Located in the bustling neighbourhood of Hamburg-Mitte in Hamburg, Germany, St. Pauli is one of the liveliest areas of the city. One of 105 quarters, St. Pauli is located on the right bank of the River Elbe and houses a section of the port of Hamburg. The area is also home to the Reeperbahn which comes alive after dark with its bars, theatres, nightclubs, and restaurants.
Visitors arriving in Hamburg should head for St. Pauli Piers, a picturesque area with stunning architecture, waterfront restaurants and harbour pleasure boats. The first pier constructed in 1839 served steamships, it was an easy area from which to fuel the ships with coal. Visitors can relive the times of ancient mariners when they visit the Hamburg Fischmarkt held here each Sunday. Over 70,000 locals and visitors venture here each weekend to purchase fresh fish, tropical fruits and flowers. Live music is played from early in the morning, and there are plenty of venues in which to enjoy breakfast as the city comes to life. Continue the day with a ferry boat trip and discover Hamburg from the water. Nearby St. Michael’s Church offers striking architecture with a landmark tower, and a short walk away is Miniatur Wunderland Hamburg, a superb day out for all the family. One of the most popular tourist attractions in the city, the exhibition features the world’s largest model railway and a miniature working city. Sports fans can enjoy a football match on the nearby ground of the St. Pauli team. After the sun goes down, visitors to St. Pauli head for the nightlife on Reeperbahn.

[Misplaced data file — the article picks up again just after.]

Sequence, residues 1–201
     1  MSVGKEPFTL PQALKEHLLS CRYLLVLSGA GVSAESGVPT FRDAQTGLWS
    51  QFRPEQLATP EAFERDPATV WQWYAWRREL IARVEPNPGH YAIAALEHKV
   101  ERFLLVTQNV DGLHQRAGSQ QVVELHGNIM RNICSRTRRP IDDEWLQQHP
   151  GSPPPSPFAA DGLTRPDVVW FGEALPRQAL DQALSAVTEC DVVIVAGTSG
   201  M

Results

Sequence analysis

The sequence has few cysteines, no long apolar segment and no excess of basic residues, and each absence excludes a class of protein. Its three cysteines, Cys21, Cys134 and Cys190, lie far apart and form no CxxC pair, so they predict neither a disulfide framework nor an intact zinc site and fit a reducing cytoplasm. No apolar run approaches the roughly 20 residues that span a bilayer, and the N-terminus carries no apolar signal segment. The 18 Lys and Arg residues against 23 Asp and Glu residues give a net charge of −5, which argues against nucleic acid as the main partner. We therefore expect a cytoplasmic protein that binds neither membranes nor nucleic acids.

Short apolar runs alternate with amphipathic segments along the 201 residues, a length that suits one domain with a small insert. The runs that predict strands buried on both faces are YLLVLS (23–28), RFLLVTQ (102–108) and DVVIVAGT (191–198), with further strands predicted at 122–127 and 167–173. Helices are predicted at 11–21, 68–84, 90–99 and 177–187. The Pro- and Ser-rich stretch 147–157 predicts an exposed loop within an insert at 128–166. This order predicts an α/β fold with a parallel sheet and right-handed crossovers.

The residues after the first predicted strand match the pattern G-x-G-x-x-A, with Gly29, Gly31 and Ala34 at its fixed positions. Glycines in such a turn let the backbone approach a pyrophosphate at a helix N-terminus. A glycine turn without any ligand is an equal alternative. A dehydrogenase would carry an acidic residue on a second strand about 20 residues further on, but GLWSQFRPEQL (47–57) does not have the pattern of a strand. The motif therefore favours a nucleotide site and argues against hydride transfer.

St. Pauli is an easy area of Hamburg to navigate on foot. The main attractions of the port, Fischmarkt, and botanical gardens are a short stroll from each other. To reach St. Pauli from other areas of Hamburg there are bus services, and the S-Bahn and U-Bahn have stations nearby. The train from central Hamburg takes 20 minutes, and the journey by subway just 10 minutes. Walking to St. Pauli Piers and Reeperbahn from central Hamburg will take approximately 40 minutes.
During the end of the 17th century, St. Pauli was home to workhouses and hospitals and was a thriving port. The area became known as a place to entertain sailors during their stay in Hamburg. Today, St. Pauli is still Hamburg’s main port and entertainment centre with travellers eager to visit the nightlife scene.